How far has yours sailed without stopping for spare parts? Six times round the world no-doubt?

Rock,

We got your point.

There is nothing wrong with you following your own philosophy.

Just like there is nothing wrong with me following a preventative approach. Many have a PM approach to items which wear out on their boat.

Scotty C-M 10-17-2019 11:23 PM

Re: Installing new engine
 
So I looked up the manufacturer's recommendation for replacing the impeller on my Yanmar 3JHAE. It says every 4 years or 1000 hours. That sounds appropriate.

Rockter 10-18-2019 12:56 AM

Re: Installing new engine
 
Yes, what works for you, certainly, follow it.
But would you change all the hoses, the impeller, and all the seals on an engine that has never been used?
Remember that if anyone claims that the hoses are degraded, then all the seals will be too.
Would you change out all the engine seals - all of them - as some sort of PM campaign on an engine that has never been used?
Have you ever tried removing the crankshaft seals to see how much work that is? And when you put it together again, does anyone claim that they can do a better job than the assembly line?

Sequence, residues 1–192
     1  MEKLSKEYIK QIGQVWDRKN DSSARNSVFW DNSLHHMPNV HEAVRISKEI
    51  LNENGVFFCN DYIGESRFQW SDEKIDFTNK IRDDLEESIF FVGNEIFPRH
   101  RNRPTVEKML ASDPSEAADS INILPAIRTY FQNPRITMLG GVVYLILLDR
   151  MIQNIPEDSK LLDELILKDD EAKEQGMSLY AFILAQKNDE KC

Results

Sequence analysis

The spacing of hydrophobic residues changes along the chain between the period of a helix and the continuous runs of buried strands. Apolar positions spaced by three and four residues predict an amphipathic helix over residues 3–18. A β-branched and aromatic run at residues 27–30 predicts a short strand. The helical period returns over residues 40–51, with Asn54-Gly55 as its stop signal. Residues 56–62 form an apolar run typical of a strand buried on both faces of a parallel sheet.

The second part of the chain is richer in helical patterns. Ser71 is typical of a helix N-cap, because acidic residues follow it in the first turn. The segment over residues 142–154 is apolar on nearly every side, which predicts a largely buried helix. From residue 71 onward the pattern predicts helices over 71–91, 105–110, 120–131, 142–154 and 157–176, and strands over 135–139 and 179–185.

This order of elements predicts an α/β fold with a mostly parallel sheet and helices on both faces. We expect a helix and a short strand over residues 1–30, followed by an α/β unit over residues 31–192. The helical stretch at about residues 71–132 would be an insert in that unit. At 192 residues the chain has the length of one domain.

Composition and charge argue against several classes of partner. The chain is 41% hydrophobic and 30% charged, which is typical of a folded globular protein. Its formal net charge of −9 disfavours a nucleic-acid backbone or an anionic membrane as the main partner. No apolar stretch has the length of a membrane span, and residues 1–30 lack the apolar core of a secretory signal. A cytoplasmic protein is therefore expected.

These engines DETEST being disturbed like that.
Wait until the first oil drips start - where previously there were none - then get back to us with this all-encompassing "PM" approach.
To me, that is beyond comprehension - just, like, out of it, somewhere.
Start it, run it, heat it up, bollard test it, wobble the hoses, get out the magnifying glass, and make your decisions, but to throw usable hoses and impellers and seals in the bin every five years and to dig out all of the engine seals starting with an engine that has never been used????
Really????

Minnewaska 10-18-2019 05:51 AM

Re: Installing new engine
 
Rock, please. Defending a 25 year old impeller, by suggesting hose replacement intervals are just like main seals is making up a defense. Even if the main seal did fail and leak oil, you'd easily get back to the slip. The burst hose will cause some degree of damage and render the engine inoperative.